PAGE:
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High court considers what can qualify for a patent

WASHINGTON -- Should techniques for training horses be eligible for a patent? What about a system for choosing a jury or fail-proof method for speed dating?

Supreme Court justices raised the questions last week as they struggled to decide what types of inventions should qualify for patent protection.

In a case that has put software and bioscience companies on edge, the justices debated whether processes or methods of doing business should be eligible for protection. The dispute has raised serious questions about whether software programs, medical procedures, financial transactions and other nontangible inventions should be able to obtain patents like those granted to physical devices. And it left the high court grappling with the line between abstract processes and concrete applications.

Last Monday's oral arguments made clear that the justices are skeptical that the business method at the center of the case before them -- a process of hedging weather-related risk in energy prices -- deserves a patent. Some saw a risk in using the current case to set broad precedent on what can and cannot be patented.

The court's newest justice, Sonia Sotomayor, asked the lawyer defending the hedging application how the high court can limit patent protection to "something that is reasonable?"

In 1997, inventors Bernard Bilski and Rand Warsaw applied for a patent on a process that can be used by residential and commercial customers to lock in fixed energy bills, even during an unusually cold winter. The Patent Office concluded the process was too abstract and denied the application.

The U.S. Circuit Court of Appeals for the Federal Circuit upheld the Patent Office decision last year and said a process is eligible for a patent only if it is "tied to a particular machine or apparatus" or if it "transforms a particular article into a different state or thing." The circuit court said Bilski's process did not meet that test.

The question before the Supreme Court on Monday was whether the "machine-or-transformation" test is the right standard.

Michael Jakes, the attorney representing Bilski and Warsaw, told the high court that the test is too "rigid and narrow" and would exclude too many useful innovations in today's information-based economy, including his clients' hedging technique.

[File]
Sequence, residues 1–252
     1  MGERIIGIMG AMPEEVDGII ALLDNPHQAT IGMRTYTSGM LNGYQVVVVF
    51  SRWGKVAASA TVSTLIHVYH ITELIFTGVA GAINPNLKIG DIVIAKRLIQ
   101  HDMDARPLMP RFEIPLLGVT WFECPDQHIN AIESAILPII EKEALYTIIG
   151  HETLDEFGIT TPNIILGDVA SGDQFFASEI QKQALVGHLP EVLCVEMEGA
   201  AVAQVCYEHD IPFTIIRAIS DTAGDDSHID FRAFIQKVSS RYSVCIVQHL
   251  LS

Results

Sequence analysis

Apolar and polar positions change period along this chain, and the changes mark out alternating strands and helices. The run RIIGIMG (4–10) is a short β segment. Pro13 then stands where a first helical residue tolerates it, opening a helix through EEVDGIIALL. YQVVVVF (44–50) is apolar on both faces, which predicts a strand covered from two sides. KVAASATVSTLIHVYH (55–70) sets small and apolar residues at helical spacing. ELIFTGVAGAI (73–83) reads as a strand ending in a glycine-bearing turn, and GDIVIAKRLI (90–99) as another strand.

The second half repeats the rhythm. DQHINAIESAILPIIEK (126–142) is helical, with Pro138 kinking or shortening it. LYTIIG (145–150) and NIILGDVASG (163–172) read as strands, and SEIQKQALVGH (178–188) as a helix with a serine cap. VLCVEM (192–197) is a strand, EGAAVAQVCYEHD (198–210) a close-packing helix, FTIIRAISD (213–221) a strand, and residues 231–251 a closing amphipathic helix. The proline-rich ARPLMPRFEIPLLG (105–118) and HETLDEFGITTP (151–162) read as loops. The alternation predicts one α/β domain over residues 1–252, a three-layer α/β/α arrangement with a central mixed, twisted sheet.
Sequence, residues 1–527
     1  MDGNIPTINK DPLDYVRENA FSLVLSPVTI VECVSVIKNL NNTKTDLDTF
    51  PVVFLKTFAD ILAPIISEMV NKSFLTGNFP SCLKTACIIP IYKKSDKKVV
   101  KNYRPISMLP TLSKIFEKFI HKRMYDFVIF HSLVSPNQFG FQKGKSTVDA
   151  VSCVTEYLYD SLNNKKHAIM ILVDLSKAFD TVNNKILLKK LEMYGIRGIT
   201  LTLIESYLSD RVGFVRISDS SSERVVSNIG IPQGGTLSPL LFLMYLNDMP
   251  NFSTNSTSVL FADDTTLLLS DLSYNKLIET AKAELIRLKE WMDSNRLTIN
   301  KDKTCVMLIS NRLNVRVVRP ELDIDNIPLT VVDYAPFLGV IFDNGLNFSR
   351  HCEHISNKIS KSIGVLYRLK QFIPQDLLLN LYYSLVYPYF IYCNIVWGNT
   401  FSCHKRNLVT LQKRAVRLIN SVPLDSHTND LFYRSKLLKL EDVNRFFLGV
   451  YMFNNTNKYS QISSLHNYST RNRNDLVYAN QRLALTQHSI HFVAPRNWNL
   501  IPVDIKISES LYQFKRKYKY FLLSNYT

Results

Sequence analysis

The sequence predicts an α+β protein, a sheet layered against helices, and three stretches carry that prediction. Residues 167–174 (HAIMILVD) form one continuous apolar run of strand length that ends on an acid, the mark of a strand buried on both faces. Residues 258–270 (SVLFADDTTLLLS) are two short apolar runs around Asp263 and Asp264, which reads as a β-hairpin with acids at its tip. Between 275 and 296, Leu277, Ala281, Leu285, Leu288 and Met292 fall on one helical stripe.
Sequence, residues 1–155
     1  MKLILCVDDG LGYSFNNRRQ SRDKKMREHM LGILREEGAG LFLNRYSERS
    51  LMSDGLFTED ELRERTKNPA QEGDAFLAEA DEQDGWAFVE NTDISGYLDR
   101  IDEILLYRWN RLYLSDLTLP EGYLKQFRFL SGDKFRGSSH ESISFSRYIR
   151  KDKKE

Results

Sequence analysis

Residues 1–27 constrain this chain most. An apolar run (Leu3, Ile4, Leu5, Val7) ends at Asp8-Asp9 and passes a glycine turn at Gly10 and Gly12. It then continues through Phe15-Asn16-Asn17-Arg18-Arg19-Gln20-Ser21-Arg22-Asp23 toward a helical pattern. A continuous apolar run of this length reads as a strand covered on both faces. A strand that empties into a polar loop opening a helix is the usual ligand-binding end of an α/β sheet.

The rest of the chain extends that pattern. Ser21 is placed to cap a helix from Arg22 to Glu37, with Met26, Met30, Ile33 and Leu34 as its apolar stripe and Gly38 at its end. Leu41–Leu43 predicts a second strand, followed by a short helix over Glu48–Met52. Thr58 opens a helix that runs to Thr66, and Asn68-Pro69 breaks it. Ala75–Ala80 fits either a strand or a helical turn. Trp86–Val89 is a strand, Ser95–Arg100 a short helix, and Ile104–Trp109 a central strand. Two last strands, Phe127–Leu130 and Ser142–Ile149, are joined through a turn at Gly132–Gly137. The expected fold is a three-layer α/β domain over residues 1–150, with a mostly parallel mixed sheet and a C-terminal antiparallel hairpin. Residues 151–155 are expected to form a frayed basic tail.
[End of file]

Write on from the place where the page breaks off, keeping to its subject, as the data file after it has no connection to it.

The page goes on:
The justices, however, grilled Jakes about where the limits on patent eligibility should then lie. What if someone develops a unique, effective way of training horses? How about a method for speed dating, where a singles have quick conversation with a prospective date to see whether they have any chemistry? Justice Stephen Breyer asked whether he should be able to patent a process for teaching antitrust law.

Breyer said Jakes' logic taken to the extreme would leave room to patent just about any method for doing business. "Every successful businessman typically has something," Breyer said. "His firm wouldn't be successful if he didn't have anything that others didn't have... And your view would be ... anything that helps any businessman succeed is patentable?"

"Yes," Jakes replied.

Some justices also expressed concern that the machine-or-transformation test could make it difficult to obtain patents on software programs and other cutting-edge inventions typically patented as processes.

Malcolm Stewart, who argued in support of the test on behalf of the Obama administration, suggested that such inventions would still be able to qualify for patent protection if they are tied to a machine such as a computer. He added, however, "hard questions will arise down the road as to where do you draw the line" and urged the court not to use the current case to determine the patentability of software, medical diagnostic tests and other inventions typically patented as processes.

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